Hani al-Rstum

Produced by: Sharq.Org
Part of the Curated Collection: Peaceful Coexistence in the Diaspora,
Original Interview Length:
Interview Location: Beirut, Lebanon
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Hani al-Rstum moved into Lebanon in 2008. He studied medicine for three years at the University of Balamand in Tripoli before deciding to change his specialization to psychology because of the high cost of his medical studies and because he felt that this specialization was more in need in light of the current events in Syria.

“I was filming a documentary in collaboration with a female American friend when I saw many children suffering from things that I did not fully comprehend. When I inquired about it, I learned that this was psychological trauma so I changed my field of study” Hani says. “Then I had the chance to do my training in the psychologists' syndicate and later I became a psychotherapist, which opened opportunities for me in this field of work in Tripoli.”

Hani has never felt like a stranger in Lebanese society even though there were some who deliberately made Syrians feel inferior. He explains this by saying, “Due to having completed my studies and having gained manifold experiences, and because of the huge team I was running, it was I who used to impose my own perspective upon my surroundings. I did not allow anyone to view me as inferior. I did meet some racist people in Lebanon but I never bowed to them. I faced this in the way a Lebanese person exposed to racism in my country would have faced it and this always shut them up.”

Hani has been working with civil society organizations since 2012 within a general framework of education, peace building and conflict resolution. He gained extensive experience in this field of work and gradually became involved in project coordination, design and management. At the beginning of 2017, he founded an association and presided over the management of its programs. These focused on designing projects related to economic development in the city of Tripoli and were implemented within the social context of Tripoli.

Hani explains all this further by saying “There were two reasons why I moved over to the field of peace-building in Lebanon and dealt with what was happening in this country. I needed to get rid of the burden of the Syrian cause, in all its forms, that was weighing upon me. Part of this was the result of my disappointment with everything happening with Syrians both at home and abroad. I also wanted to deal with people for whom the conflict that they has been living was over. I needed to understand, one way or another, how my country's future could be but without being part of it”.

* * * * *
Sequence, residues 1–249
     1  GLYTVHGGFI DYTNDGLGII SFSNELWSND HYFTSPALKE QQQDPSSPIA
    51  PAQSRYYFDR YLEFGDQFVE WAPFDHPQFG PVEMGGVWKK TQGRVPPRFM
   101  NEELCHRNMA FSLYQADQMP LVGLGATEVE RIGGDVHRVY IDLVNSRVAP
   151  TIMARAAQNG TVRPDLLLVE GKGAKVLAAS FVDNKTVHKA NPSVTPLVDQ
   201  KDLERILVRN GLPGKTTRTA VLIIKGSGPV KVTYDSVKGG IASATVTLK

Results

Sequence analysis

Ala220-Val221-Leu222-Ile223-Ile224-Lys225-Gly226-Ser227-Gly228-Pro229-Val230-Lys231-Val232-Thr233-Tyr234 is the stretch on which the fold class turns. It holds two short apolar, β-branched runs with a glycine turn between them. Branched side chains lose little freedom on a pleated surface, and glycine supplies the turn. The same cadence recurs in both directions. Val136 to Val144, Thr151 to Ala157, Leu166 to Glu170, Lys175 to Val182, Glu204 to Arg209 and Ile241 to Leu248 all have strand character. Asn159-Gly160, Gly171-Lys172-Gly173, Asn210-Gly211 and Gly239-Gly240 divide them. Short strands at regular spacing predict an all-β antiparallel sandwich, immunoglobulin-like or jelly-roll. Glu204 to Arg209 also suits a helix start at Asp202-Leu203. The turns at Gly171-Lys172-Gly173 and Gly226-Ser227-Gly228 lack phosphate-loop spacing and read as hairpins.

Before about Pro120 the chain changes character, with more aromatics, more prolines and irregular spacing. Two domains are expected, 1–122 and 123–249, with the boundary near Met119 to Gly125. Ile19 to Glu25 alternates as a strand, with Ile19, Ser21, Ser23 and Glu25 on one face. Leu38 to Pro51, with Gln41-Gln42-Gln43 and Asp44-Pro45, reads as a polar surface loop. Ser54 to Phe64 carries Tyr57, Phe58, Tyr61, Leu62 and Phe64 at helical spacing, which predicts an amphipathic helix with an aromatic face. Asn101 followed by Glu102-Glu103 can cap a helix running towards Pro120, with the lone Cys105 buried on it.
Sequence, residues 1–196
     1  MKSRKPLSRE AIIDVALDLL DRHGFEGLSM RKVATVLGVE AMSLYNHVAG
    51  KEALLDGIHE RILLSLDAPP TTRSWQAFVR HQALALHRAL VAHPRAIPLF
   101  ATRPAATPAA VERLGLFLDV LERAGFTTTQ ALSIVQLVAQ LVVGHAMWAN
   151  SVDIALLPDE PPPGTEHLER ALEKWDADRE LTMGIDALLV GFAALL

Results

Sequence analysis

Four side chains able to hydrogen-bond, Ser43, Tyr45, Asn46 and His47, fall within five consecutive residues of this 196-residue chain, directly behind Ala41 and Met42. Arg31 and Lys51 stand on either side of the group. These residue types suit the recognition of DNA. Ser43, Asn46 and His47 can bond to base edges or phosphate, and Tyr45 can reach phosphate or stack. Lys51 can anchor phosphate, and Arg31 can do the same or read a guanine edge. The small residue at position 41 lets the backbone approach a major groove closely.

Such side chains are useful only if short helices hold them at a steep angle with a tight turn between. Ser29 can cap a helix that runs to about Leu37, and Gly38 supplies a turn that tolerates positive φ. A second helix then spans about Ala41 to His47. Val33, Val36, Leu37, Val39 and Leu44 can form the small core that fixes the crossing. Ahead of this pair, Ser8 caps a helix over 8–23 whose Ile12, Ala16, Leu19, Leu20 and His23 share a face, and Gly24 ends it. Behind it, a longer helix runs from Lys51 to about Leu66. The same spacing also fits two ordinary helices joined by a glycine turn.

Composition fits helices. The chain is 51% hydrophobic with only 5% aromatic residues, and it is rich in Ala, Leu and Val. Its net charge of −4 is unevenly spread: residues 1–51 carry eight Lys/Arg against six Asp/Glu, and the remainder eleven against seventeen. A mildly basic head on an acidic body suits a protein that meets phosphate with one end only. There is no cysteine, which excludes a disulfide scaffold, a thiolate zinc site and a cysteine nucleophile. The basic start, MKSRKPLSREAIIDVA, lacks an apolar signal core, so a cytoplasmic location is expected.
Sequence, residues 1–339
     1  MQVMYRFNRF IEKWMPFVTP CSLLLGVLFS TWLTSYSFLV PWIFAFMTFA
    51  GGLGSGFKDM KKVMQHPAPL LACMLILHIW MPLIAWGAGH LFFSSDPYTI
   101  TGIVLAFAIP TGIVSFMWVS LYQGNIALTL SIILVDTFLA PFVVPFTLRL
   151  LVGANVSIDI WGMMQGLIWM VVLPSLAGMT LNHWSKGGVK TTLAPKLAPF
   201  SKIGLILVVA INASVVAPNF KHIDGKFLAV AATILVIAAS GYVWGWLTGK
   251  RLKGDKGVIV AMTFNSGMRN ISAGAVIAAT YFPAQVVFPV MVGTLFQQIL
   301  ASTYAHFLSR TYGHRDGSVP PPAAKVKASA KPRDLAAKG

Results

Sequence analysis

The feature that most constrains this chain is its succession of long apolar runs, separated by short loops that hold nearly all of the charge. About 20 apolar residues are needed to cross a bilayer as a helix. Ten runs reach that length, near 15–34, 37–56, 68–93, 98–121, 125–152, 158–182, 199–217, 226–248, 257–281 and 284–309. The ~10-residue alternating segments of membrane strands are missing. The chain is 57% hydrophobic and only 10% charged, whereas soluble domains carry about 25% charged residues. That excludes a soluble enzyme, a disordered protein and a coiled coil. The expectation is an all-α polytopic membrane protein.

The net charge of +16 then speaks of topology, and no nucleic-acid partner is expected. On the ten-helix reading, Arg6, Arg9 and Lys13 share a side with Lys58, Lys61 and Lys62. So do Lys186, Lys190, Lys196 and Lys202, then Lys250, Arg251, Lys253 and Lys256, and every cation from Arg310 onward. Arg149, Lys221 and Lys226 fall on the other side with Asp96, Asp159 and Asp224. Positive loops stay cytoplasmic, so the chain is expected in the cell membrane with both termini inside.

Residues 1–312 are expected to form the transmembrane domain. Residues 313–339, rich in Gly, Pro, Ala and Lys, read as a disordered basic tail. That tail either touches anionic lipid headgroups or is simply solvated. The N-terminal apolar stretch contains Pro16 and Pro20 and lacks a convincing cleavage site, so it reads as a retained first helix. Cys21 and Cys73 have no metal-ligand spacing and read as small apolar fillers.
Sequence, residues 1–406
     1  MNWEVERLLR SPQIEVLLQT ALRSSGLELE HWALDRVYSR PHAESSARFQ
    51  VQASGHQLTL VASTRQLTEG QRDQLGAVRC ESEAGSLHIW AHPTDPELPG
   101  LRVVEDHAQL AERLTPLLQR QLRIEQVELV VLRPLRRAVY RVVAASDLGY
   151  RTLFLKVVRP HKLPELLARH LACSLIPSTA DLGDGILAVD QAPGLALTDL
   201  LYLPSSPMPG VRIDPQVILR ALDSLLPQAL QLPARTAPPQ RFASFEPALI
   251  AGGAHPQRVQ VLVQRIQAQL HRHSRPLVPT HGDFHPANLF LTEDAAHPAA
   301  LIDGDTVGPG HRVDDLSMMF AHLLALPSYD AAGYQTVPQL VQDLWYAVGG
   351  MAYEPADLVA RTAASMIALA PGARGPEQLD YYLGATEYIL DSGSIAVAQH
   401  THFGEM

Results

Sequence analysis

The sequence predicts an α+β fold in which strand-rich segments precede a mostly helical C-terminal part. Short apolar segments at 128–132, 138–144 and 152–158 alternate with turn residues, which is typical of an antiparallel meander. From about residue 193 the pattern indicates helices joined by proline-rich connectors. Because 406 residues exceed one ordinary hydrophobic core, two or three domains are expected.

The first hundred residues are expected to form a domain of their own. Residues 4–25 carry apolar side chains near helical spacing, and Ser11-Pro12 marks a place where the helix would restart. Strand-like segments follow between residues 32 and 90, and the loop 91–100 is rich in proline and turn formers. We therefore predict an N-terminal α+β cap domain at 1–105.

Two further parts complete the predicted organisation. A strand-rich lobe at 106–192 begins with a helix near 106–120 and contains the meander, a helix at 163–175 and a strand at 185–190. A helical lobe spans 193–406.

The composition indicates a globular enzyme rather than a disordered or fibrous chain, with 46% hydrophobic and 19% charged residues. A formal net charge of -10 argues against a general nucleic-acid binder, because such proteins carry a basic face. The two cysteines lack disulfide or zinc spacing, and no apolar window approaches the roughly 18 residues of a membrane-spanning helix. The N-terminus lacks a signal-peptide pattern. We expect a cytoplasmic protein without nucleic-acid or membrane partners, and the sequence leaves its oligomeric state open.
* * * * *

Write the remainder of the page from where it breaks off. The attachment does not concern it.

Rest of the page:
“I have lived in Lebanon since 2008, so I understand the Lebanese very well. I think that the difference in my understanding has developed through working with the people of this city who are concerned with its causes. That is, my understanding of people who have an affiliation is important and essential.” Hani continues, “I have never felt belonging to a place but they were talking about their belonging to Tripoli, their city, and how they should carry out campaigns against violence etc. This was new to me and helped me understand the ways I belong. It helped me understand the motivation behind all this work for the benefit of their country.”

In 2010, a group of young Salafis in Tripoli influenced Hani and he took part in their occupations and activities at the university and so on. He shaved his moustache, grew a long beard and no longer shook hands with women or listened to music. This continued to the point of religious extremism and devout commitment.

In 2012, however, his position changed dramatically due to the death of his cousin who had accompanied him on a visit to Syria. Hani had taken him on what was supposed to be a pleasant vacation but his cousin died there. This came as a great shock and raised all kinds of questions about Creation for Hani, leading him to become an atheist who no longer believed in the existence of God or of any heavenly justice. Thus, he moved from one extreme to the other, as he says.

“Social work and engaging with other people helped me a lot in becoming a moderate non-atheist person. Today, I do not completely deny the existence of God with Whom I have a spiritual connection despite the fact that I do not perform any religious rites such as prayer and fasting”, Hani adds.